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Stephen Wood, 11/14/2018 01:25 PM
Start page describing analysis of single spin asymmetries

Single Spin Asymmetry Analysis


During the fall 2018 running of the Kaon-LT experiment, polarized beam was delivered to Hall B. According to Dave Gaskell, at the energy we ran at, the spin precession in the Hall C arc was such that we got nearly as much polarization as Hall B, so we had a polarization of about 85%. This means that, for hadron production out of the plane defined by the beam and scattered electron, we should see an asymmetry in the yield between the two beam helicity states. This asymmetry is known variously as the single spin asymmetry, Sigma_LT', or the fifth structure function.


Hall B paper exclusive pion production single spin asymmetries, Park et. al. 2008

How to add helicity to ROOT files.

The helicity of the beam potentially reversed every 1/30 of a second according to a pseudorandom sequence. The helicity signals delivered to the hall are delayed by 8*(1/3) second. This delayed helicity signal is recorded in several ADCs which are read each event. In order to extract the helicity and undo the delayed reporting of helicity, a recent version of hcana which includes the class THcHelicity is needed. In order to add the true beam helicity to each event in the root tree, make sure that the following are implemented in the replay script and analysis def file.



  • Get the history of the status of the Insertable Half Wave Plate (EPICS signal IGL1I00DI24_24M). The IHWP is a passive optical element on the injector laser table that reverses the helicity of the electron beam, but does not reverse the reported helicity. Experimental asymmetries will be reversed when the IHWP is in, so the analysis must reverse the asymmetries for runs when this IHWP was in. It is possible that the state of the IHWP was changed in the middle of one of runs. Any such runs need to be identified and analyzed specially.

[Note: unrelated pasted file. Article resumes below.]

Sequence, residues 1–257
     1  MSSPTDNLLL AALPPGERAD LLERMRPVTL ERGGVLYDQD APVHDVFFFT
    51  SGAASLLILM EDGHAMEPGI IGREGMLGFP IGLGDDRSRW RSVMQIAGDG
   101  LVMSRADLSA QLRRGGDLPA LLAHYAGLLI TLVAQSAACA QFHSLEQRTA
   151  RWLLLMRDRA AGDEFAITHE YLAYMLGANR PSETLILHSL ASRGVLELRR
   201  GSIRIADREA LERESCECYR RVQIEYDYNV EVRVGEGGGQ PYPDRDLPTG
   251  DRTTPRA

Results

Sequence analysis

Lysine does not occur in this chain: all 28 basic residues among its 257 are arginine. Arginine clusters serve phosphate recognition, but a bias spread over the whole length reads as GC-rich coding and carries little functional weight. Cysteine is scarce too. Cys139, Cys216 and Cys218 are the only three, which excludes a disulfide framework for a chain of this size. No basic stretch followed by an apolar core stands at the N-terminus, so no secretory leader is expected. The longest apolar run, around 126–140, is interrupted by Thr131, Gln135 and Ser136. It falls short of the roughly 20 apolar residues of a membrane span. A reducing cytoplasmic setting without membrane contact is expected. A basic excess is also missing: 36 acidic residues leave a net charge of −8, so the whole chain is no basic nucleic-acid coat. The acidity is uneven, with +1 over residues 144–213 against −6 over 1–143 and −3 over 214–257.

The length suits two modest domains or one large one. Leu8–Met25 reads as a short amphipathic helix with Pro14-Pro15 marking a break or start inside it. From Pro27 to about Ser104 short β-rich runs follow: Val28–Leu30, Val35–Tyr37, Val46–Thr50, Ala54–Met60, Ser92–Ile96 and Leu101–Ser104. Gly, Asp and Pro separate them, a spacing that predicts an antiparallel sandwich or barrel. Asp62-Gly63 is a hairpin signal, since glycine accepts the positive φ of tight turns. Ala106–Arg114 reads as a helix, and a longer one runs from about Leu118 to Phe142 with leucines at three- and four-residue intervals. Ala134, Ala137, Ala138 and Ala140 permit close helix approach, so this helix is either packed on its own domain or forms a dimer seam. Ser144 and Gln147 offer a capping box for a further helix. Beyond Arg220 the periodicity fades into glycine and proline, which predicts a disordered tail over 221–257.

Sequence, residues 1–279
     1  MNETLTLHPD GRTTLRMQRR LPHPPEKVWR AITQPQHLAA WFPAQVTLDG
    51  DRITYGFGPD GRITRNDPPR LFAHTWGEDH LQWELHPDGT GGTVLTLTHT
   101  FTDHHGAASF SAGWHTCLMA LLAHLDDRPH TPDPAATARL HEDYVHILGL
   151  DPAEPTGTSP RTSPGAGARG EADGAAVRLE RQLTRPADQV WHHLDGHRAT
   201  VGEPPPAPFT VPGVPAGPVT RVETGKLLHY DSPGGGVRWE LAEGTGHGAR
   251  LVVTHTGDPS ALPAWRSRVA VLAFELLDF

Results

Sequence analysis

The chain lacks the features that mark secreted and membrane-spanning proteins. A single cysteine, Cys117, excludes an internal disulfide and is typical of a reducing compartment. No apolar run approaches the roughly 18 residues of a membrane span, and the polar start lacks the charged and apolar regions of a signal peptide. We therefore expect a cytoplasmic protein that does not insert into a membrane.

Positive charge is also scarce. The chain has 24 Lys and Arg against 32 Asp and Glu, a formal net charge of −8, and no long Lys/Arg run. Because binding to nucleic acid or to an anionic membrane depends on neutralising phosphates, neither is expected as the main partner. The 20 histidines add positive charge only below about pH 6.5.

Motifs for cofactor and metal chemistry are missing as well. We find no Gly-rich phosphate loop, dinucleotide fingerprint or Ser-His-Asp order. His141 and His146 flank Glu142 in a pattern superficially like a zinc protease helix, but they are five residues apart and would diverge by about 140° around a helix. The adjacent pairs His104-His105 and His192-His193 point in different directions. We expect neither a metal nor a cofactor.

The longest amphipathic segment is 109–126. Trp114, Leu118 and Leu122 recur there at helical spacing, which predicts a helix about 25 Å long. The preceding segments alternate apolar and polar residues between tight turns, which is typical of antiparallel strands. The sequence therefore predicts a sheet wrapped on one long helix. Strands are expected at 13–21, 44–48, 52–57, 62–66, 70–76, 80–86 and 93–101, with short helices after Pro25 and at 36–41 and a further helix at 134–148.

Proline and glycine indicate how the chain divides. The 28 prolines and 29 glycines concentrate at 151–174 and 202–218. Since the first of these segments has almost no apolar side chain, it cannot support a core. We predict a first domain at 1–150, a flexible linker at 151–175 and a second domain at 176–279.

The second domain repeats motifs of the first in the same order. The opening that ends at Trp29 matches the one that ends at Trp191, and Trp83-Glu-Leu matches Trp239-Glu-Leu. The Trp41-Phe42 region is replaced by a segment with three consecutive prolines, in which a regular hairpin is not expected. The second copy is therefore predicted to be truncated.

• Get the history of Hall B beam polarization measurements. Translate these polarizations into Hall C polarizations.
  • FIgure out how to bin and display results. Should asymmetries be presented as a function of t or Theta_hq (cm or lab). How finely can we bin in t or theta?
  • For pion asymmetries. Determine accidental background. This asymmetry from accidental backgrounds should be zero, but this background will reduce or dilute the observed asymmetry.
  • For Kaon asymmetries it is more complicated. As well as a dilution from accidentals, the radiative tail from exclusive pions misidentified as Kaons contributes to the observed Kaon asymmetries. The asymmetry from these pions will not be zero. In order to correct for this to get Kaon asymmetries, the accepted yield of the tail and its asymmetry needs to be determined.
  • Determine if it is possible to get any meaningful asymmetries from the baryons beyond the Lambda.

Updated by Stephen Wood over 5 years ago · 1 revisions